And as soon as he had finished speaking all these words, the ground under them split apart. And the earth opened its mouth and swallowed them up, with their households and all the people who belonged to Korah and all their goods. (Bemidbar/Numbers 16:31-32; ESV)
Perhaps you have heard the story of the atheist who sought to prove that God didn’t exist by publicly daring him, if he did exist, to strike him dead on the spot. When nothing happened, the atheist gloated due to his apparent victory over the God in whom he didn’t believe. I don’t know if this sort of thing has ever happened, but it’s believable. In fact, the Bible supports the story’s outcome. For God rarely strikes people dead, even for the most odious of acts.
For some reason God’s violent response to Korah’s rebellion as told in this week’s parasha (weekly Torah portion), has become somewhat of a caricature. The God of the Bible is often pictured as someone continually venting his anger through dramatic shows of force as if he is sitting on the clouds with thunderbolts in his hand, waiting for his next victim. One wrong move and ZAP!
But nothing can be further from the Truth. While from time to time God sends extreme disasters as acts of judgment, such occurrences are rare. To my knowledge as far as the Bible is concerned, nothing of this nature occurs until the flood of Noah’s time. Then it’s more than a thousand years before the Ten Plagues. During the wilderness wanderings, which includes this week’s incident, there are several miraculous displays of God’s power, but they didn’t happen every day. On most days during this time and since, the sun goes up, the sun goes down, same same, nothing too unusual. No thunderbolts (figuratively speaking, of course).
The Bible teaches anything but the ongoing, regular venting of God’s anger upon people. One of the most explicit statements about the nature of God is from God’s own mouth, when he said to Moses:
The Lord, the Lord, a God merciful and gracious, slow to anger, and abounding in steadfast love and faithfulness, keeping steadfast love for thousands, forgiving iniquity and transgression and sin, but who will by no means clear the guilty, visiting the iniquity of the fathers on the children and the children's children, to the third and the fourth generation. (Shemot/Exodus 34:6-7; ESV)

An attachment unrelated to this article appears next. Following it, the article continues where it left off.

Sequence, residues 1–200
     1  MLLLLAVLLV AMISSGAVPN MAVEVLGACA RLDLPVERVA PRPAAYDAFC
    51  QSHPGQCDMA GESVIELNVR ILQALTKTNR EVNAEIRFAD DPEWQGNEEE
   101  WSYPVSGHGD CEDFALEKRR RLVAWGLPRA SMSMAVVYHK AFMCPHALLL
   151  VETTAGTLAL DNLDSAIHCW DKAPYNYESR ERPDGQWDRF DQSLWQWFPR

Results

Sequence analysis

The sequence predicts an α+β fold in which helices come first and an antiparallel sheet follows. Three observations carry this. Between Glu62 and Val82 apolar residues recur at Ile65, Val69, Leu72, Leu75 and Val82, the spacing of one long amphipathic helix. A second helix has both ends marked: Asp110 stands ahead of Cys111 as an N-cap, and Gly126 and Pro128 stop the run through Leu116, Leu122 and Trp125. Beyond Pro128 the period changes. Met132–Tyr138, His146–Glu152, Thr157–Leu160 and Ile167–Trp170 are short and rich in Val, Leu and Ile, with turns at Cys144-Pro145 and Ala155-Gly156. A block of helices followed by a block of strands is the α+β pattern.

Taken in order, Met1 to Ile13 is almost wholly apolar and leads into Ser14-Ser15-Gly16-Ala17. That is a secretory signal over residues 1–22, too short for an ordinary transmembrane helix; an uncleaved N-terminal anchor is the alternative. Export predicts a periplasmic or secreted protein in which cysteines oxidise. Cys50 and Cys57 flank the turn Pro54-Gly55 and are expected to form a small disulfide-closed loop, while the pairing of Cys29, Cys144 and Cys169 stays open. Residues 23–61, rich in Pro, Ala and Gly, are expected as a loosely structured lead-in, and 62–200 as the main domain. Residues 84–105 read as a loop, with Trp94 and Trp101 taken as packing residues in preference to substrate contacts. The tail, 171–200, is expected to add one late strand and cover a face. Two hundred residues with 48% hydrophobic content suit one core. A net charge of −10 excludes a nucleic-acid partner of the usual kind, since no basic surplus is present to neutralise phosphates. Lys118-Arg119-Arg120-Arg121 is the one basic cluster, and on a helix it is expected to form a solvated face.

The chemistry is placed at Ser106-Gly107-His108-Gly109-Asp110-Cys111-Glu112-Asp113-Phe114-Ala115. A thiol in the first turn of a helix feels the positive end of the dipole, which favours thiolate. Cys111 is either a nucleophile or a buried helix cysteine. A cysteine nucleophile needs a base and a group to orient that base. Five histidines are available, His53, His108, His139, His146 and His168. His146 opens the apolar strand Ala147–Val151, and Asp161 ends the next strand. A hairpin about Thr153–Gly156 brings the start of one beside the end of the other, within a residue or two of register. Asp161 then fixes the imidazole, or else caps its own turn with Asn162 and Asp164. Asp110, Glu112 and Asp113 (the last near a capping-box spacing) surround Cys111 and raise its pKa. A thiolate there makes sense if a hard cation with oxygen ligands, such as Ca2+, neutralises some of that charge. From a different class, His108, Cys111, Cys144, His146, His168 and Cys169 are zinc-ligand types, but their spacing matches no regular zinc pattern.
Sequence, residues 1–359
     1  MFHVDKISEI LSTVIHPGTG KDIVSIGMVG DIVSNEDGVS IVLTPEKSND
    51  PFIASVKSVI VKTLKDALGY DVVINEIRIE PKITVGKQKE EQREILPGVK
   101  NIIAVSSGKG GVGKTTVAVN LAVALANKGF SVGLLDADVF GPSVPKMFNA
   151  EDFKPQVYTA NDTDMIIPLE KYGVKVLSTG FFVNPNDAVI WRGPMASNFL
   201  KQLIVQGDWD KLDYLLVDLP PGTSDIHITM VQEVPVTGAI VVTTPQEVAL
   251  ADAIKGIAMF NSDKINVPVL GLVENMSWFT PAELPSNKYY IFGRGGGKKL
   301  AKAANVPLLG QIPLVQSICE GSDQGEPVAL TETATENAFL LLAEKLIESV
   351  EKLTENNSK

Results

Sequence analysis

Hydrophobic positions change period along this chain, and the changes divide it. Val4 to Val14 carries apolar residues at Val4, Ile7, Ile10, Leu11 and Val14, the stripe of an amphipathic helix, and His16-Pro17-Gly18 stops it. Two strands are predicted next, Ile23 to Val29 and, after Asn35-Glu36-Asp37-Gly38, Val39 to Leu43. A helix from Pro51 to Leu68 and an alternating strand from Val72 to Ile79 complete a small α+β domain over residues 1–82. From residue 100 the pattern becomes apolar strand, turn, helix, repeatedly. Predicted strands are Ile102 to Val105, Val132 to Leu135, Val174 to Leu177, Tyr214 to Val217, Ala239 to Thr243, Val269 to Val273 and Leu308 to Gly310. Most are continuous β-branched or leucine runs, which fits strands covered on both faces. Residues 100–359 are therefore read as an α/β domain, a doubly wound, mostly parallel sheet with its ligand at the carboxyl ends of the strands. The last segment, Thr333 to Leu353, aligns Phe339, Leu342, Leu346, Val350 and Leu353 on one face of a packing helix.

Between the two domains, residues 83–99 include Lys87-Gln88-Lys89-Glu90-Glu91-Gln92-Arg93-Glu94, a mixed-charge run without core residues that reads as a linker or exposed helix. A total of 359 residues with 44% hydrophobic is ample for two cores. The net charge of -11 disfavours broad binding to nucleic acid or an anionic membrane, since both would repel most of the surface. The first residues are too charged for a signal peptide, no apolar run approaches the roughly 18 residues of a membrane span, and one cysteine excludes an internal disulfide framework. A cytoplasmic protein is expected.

While God is committed to justice, his disposition is mercy, patience and love, not anger and retribution. King David reflected upon this centuries later: “The Lord is gracious and merciful, slow to anger and abounding in steadfast love. The Lord is good to all, and his mercy is over all that he has made” (Tehillim/Psalms 145:8-9; ESV).
While God may have passed up an opportunity to prove himself by not taking the atheist up on his dare, he was being consistent with who he is by preserving the life of one of his misguided offspring in the hope that eventually his kindness and mercy would evoke an eventual change of heart (see Romans 2:4).
I am in no way seeking to undermine God’s wrath. His patience with us has its limits and should not be taken for granted. God is to be feared as the all-powerful Master of the Universe. You yourself may be under his great displeasure right now, and unless you repent immediately, you may find yourself swallowed up by your circumstances finally and forever. Pretending that God doesn’t see your sin or that he’s too nice to do anything about it will prove to be nothing but fantasy. But that he has not yet allowed the ground to open up beneath you is a precious act of love unto you. God takes no delight in your demise, but rather longs to embrace you as his son or daughter.